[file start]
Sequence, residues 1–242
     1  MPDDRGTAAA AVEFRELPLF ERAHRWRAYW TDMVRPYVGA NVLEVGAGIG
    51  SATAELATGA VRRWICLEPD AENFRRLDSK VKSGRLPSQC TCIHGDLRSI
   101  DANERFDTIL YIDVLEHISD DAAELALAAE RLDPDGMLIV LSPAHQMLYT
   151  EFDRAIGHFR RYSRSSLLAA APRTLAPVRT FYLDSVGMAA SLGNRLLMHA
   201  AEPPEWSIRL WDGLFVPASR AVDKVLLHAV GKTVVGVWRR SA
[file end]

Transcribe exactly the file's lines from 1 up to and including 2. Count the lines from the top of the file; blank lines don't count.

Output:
Sequence, residues 1–242
     1  MPDDRGTAAA AVEFRELPLF ERAHRWRAYW TDMVRPYVGA NVLEVGAGIG